Jean-Luc clung to his mount as the creature crashed without grace through thick trees. He kept his head low to the horse’s neck, his fingers woven through the mane. Around them was the wild pounding of the horses through dense forest and the wolves baying—surely the sound of hell, Jean-Luc thought in terror. It began to rain again, hard. Lightning flashed in the evil daytime darkness, and thunder boomed with a rocking violence.
Jean-Luc’s horse suddenly reared. He clung mightily, hearing a shout and a sudden, quick cry of pain amid the cacophony. Through the rain, Jean-Luc saw Claude had been thrown from the stallion, who bolted away through the trees. Furious, Claude jumped to his feet, brushing his clothes and cursing as he pointed after the beast, sending one of his men after it.
In the confusion, Jean-Luc saw his chance. Nickering gently at his mount to calm the beast, he steered the gelding from the pack and retraced their steps as well as he was able. The mule had not followed the wild bolt through the forest, but Jean-Luc found him calmly standing under the sheltering arms of an ancient rowan tree, as if to protect its rider.
Glancing over his shoulder, Jean-Luc dismounted, and with a grunt, pulled the dead weight of the knight from the beast. The man slumped on the ground, rolling to one side with a stuporous moan. He did not wake.
Jean-Luc took his knife from his belt and crouched to cut the ropes binding the knight’s wrists and ankles. As the ropes fell free, a shout from the others reached him. “Jean-Luc!”
He jumped to his feet—and at that moment, the sky lightened abruptly. Stunned, he looked toward the brightness, letting the rain wet his face before he fell to one knee and genuflected.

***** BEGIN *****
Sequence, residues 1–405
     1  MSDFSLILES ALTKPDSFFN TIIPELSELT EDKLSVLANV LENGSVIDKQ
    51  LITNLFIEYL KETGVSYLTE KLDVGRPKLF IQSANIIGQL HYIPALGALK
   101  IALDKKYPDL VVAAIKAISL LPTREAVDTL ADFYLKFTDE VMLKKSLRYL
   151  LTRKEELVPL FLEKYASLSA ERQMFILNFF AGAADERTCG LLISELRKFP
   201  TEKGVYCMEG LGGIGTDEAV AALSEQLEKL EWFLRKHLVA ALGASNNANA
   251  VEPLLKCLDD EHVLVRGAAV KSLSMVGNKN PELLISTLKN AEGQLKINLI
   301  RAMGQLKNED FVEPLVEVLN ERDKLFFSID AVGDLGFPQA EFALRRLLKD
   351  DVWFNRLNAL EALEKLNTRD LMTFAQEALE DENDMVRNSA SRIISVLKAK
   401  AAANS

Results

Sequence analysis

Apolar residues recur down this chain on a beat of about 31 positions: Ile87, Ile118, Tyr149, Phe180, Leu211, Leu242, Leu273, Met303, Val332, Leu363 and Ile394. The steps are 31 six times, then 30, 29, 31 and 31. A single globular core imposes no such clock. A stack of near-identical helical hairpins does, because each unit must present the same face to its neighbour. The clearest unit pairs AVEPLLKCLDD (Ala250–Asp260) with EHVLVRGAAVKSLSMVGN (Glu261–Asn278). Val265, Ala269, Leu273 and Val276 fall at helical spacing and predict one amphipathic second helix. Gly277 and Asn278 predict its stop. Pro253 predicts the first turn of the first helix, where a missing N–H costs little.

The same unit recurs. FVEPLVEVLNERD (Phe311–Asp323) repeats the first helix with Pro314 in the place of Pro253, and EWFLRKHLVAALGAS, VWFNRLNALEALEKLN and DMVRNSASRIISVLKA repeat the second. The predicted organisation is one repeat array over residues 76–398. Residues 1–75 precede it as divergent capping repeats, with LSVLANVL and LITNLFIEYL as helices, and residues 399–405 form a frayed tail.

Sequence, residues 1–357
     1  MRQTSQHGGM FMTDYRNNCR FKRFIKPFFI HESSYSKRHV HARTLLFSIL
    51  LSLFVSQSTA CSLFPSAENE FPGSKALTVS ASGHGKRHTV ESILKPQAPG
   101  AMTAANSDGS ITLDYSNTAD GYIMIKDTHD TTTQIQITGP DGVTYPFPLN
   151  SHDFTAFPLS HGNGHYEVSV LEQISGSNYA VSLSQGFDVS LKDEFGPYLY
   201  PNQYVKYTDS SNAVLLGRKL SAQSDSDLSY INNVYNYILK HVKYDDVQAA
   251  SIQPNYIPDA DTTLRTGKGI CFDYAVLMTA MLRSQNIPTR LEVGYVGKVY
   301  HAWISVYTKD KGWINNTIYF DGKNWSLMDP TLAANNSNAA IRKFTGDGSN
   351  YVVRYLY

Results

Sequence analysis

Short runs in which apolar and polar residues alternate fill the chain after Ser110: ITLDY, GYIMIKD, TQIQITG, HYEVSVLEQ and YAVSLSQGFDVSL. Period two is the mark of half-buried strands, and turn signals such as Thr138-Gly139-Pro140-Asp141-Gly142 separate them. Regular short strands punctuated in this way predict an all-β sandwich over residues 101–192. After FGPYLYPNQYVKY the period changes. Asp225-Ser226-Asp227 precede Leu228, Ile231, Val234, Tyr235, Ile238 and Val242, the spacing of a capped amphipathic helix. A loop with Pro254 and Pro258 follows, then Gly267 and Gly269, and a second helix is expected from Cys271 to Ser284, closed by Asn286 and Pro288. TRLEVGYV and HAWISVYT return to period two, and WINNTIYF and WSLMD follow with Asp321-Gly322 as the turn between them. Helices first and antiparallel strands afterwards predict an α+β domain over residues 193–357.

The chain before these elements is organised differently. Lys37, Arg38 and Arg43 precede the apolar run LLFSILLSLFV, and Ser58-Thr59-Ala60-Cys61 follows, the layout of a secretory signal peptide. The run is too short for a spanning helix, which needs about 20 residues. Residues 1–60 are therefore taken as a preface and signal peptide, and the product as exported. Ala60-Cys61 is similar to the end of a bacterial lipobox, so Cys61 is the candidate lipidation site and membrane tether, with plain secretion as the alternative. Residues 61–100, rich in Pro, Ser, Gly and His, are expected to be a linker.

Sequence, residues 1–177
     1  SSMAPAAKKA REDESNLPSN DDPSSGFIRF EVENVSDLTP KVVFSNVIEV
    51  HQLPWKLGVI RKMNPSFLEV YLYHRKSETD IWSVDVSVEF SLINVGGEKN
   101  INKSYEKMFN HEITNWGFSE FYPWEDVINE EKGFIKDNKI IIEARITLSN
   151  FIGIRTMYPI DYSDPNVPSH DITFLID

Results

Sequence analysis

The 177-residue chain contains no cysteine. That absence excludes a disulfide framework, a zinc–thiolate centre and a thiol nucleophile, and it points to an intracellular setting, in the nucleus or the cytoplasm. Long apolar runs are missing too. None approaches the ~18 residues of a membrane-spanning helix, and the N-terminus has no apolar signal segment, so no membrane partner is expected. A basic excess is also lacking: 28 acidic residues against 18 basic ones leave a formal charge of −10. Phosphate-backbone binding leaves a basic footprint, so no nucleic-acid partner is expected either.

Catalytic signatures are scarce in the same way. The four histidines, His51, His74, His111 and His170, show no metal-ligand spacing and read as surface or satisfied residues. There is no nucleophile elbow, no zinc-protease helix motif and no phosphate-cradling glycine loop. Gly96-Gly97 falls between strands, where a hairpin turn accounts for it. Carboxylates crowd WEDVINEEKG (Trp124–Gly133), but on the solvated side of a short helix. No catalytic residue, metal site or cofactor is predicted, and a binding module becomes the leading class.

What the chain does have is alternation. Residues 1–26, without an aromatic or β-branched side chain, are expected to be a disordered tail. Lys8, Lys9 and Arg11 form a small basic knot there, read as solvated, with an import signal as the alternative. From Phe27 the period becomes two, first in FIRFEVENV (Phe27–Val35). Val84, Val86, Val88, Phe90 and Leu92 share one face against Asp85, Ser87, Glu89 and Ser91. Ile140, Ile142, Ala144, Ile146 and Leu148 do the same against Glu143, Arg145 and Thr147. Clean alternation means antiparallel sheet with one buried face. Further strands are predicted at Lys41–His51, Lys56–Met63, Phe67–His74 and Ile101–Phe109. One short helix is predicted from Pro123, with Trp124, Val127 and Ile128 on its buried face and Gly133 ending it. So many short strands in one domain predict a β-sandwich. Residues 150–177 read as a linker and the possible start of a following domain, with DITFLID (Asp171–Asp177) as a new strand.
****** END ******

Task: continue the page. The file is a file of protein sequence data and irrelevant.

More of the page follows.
Taking the rope around the mule’s neck, Jean-Luc mounted his horse and led the mule away. As he rode toward the others, an extraordinary calm filled him. Purses and heads were nothing in comparison to an immortal soul.
It was that thought that lent him courage to lead the men in circles, far from the sheltering branches of the rowan tree, when they went back in search of the knight.
Defeated, weary, and not a little frightened by the afternoon’s events, the men at last headed home toward Provence, leaving the body of the knight where it lay.
The body sprawled beneath the bare branches of a rowan tree. In the thick fog that laced through the trees and clung to the cold winter earth, it was invisible until Anya’s black gelding shied and whinnied softly.
Geoffrey, Anya’s page, made a frightened noise. “Is he dead, my lady?”
“I cannot tell.” Anya dismounted and tossed back her hood. Warily, she crept forward, listening cautiously to the deep silence of the forest. There seemed to be no one else about. The horses stood quietly.